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Jerzy Grotowski

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Editor(Owen Daly)>: The following was web published on the New York Theatre Wire Web site at  
I have copied it here because life on the web can be short and I wanted to preserve the information.

by Margaret Croyden


Jerzy Grotowski

On January 14, 1999 one of the most important and influential theater persons, Jerzy Grotowski died. On March 21, 1999, friends and admirers of this master of the theater gathered together at the St. Marks Church in the East Village to memorialize him. The occasion was solemn and sad but not depressing; in fact, in remembering Grotowski, a magical personality and a brilliant genius, was to remember something of the past, and to remember the history of the theatrical renaissance of the sixties, a time when Grotowski and the rest of the avant garde theater flourished. It was remembering our youth.

The church with its stained glass windows, its simple altar and white washed walls and its quiet unobtrusive arrangement of the seats was the ideal place to think of Grotowski. It was not far from this church that Grotowski and his Polish Laboratory theater made its appearance in 1970. There, in the simplicity of the Washington Square Church in Greenwich Village, people fought to get a seat. Grotowski, his company, and his philosophy and acting methods took hold, and was destined to change traditional concepts of the theater. Who can forget the beauty and tempestuousness of his company as they performed "The Acropolis," or "The Constant Prince" with the magnificent Richard Cieslak, or "Apocalypsis Con Figuris," possibly Grotowski's most sophisticated piece? To have seen the Grotowski company that year was to be present at a truly significant and unforgettable event. And to have known Grotowski and Cieslak was to experience an unique relationship, one that is cherished and remembered forever.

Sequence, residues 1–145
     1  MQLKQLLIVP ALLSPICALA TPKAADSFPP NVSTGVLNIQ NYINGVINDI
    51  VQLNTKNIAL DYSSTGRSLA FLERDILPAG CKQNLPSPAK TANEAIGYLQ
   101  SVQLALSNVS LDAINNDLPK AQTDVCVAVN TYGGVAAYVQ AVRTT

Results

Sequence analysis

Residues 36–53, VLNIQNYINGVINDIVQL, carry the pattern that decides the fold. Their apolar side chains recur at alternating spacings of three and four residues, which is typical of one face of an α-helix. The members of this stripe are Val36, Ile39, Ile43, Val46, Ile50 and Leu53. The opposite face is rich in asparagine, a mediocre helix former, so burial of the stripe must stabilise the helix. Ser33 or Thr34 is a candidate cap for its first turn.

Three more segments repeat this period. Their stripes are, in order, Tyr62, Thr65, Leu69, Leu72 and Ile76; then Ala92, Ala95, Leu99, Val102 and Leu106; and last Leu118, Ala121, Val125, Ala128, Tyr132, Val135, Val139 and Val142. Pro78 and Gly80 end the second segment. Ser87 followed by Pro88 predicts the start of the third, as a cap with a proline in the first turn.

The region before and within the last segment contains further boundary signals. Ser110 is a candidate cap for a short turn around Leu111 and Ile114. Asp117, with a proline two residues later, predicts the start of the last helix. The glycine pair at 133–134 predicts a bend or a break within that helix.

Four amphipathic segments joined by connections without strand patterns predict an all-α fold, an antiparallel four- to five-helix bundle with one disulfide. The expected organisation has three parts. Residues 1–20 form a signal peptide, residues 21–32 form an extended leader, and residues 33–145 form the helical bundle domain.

What follows is a summary of some of the speaker's remarks so that those who could not attend this memorial will get a taste of the tone and quality of the occasion.

Precisely at 1:30 in the afternoon, the opening ceremony began. After a brief moment of silence, Grotowski's voice, as in a dream, was heard. A translation from the French follows.

JERZY GROTOWSKI (ON TAPE): "Theater has been a great adventure in my life, it has conditioned my way of thinking, my way of seeing people and looking at life. But I didn't look for theater. In reality I always have been looking for something else. But I would say that my language has been formed by theater.

"When I was young I asked myself what would be a possible job that would enable me to look for the other one and myself, to look for a dimension of life that would be rooted in what is normal, organic, even sensual, but that would go beyond all this, that would have a sort of axis, another higher dimension that would surpass us. At that time, I wanted to study either Hinduism, to work on the different techniques of yoga, or medicine, to become a psychiatrist, or dramatic art to become a director. It was the Stalinist period, censorship was very heavy. Performances were censored, but not rehearsals and the rehearsals have been for me the most important thing. There something happened between a human being and another human being, that is the actor and myself that touched this axis beyond any control from the outside. It means that the performance has always been less important that the work in the rehearsals. The performance had to be impeccable, but I always went back towards the rehearsals even after the premiere because the rehearsals have been the great adventure. In the end, it has been this search for the human being in the others and in myself that lead me to theater. But it could have lead me to psychiatry or to the study of yoga.

"When I was young I had a professor who gave me private lessons without being paid. He was a great wise man and a specialist in Hinduism. When I began doing theater, I invited him to a performance but he refused. Why, had he refused, I asked him? He said, 'Because no matter what you do, it will transform itself into a hermitage.' Now I find myself with my present work, beyond performance and any public work, with the artists looking for this interior axis, I find myself, as he was saying, in an hermitage."

Harvey Lichtenstein, who first produced Grotowski in a Greenwich Village church (and is well-known as artistic director of the Brooklyn Academy of Music) was next. He read excerpts from a letter, dated June 4, 1969, that he had received from Grotowski's close friend and agent, Madame Ninon Karlweiss: